Dear loyal readers: the unannounced seven-week hiatus on this blog — prompted by the relocation of two of its authors from the United States to India and attendant distractions thereof — is now over. We're resuming the normal cadence of 6-10 blog posts a month.
For many years, I've read British philosopher John Gray with both interest and irritation. I like that he attacks many dominant secular faiths of our own age — sometimes for the right reasons — but often, unfortunately, from a vantage point whose implications I find troubling. Few thinkers are as bleak and pessimistic, as lacking in compassion, as wilfully blind and relentlessly negative towards the arc of modernity led by the Enlightenment. This was evident is Straw Dogs, which revealed to me the hollowness of his vision, based as it is on commitments no less questionable, even cowardly. Simon Critchley's thoughtful review of Gray's new book, The Silence of Animals, describes many of Gray's admittedly interesting forays into the world of ideas before repudiating the larger worldview of which they are a part.
Sometimes I think John Gray is the great Schopenhauerian European Buddhist of our age. What he offers is a gloriously pessimistic cultural analysis, which rightly reduces to rubble the false idols of the cave of liberal humanism. Counter to the upbeat progressivist evangelical atheism of the last decade, Gray provides a powerful argument in favor of human wickedness that’s still consistent with Darwinian naturalism. It leads to passive nihilism: an extremely tempting worldview, even if I think the temptation must ultimately be refused.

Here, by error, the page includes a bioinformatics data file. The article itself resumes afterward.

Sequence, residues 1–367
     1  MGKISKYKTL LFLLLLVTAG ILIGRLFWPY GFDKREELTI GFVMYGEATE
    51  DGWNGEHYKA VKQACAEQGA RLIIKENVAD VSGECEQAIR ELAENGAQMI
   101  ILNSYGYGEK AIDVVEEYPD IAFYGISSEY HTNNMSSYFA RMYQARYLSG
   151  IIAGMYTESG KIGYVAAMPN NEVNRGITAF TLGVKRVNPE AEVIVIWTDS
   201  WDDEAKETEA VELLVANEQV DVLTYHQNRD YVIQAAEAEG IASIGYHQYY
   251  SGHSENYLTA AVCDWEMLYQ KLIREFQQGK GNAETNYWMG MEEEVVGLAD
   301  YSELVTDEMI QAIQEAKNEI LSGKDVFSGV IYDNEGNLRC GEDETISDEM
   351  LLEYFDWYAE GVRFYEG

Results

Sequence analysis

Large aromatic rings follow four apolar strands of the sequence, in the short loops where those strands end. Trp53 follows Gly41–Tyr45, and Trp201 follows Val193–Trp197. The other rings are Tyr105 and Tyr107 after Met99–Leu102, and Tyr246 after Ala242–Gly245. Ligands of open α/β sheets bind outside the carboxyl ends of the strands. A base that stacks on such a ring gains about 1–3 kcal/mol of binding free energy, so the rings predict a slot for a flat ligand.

The passive nihilist looks at the world with a highly cultivated detachment and finds it meaningless. Rather than trying to act in the world, which is pointless, the passive nihilist withdraws to a safe contemplative distance and cultivates his acute aesthetic sensibility by pursuing the pleasures of poetry, peregrine-watching, or perhaps botany ... Truth to tell, the world of Gray’s passive nihilist can be a lonely place, seemingly stripped of intense, passionate, and ecstatic human relations. It is an almost autistic universe, like J.A. Baker’s. It is also a world where mostly male authors and poets seem to be read, although Elizabeth Bishop comes to mind. As Stevens writes in his Adagia, “Life is an affair of people not of places. But for me life is an affair of places and that is the trouble.” Gray, like Stevens, seems preoccupied with place but, unlike Stevens, appears untroubled. What Gray says is undeniable: we are cracked vessels glued to ourselves in endless, narcissistic twittering. We are like moths wheeling around the one true flame: vanity. Who doesn’t long to escape into an animal silence?
Of course, love is the name of the counter-movement to that longing. Love — erotic, limb-loosening and bittersweet — is another way of pointing outwards and upwards, but this time towards people and not places. But that, as they say, is another story.